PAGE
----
“A Century Ago, the Modern Middle East Was Born,” announced The New York Times in December. A colleague asks: “Are you not struck by how difficult (impossible?) it is to encapsulate history in an op-ed? Is that really how and when the modern Middle East was born?”
Good questions. The Times’s idea is that after World War I, avaricious imperialists moved in to enslave Turkey’s former slaves. This familiar theme will dominate through the centenary of the Cairo Conference in March 2021. It’s been around at least since 2001, when Osama bin Laden referred to 9/11 as payback for what he then called “eighty years of injustice.”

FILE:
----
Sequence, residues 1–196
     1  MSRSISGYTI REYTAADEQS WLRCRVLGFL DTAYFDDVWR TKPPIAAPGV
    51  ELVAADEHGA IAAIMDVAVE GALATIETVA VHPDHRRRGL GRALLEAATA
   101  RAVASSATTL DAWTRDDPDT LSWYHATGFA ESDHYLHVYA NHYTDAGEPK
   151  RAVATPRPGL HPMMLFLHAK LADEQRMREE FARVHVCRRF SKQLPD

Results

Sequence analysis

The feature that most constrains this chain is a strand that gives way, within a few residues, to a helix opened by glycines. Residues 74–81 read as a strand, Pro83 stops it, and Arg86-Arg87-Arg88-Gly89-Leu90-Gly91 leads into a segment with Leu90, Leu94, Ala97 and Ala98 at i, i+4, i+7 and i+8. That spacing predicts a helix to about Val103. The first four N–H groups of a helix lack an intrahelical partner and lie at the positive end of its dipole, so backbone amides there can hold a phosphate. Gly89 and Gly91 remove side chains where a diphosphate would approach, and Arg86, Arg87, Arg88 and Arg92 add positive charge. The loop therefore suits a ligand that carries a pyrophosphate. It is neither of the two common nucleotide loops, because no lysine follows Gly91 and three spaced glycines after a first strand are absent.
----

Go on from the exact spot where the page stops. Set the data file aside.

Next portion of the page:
Herewith some contrarian, revisionist and politically incorrect thoughts.…
Per the previous post, I append for reader comment the contents of my next book, Winston Churchill, Myth and Reality: What Churchill Stood For.
I have written on most of these matters in the past; the book recasts it afresh. I also acknowledge and cross-reference the work of experts who know far more than I, particularly in the fields of genealogy and medicine. I would be glad to hear your thoughts; please use the “contact” page.
The historian David Stafford wrote: “Myth only develops and takes hold when the time is right, and the climate has long been ripe for the emergence of myths about a wartime hero who stood firm against a totalitarian foe and smote an evil empire.”
Churchill myth is born both of exaggeration and criticism, created either to glorify the record or to belabor it.…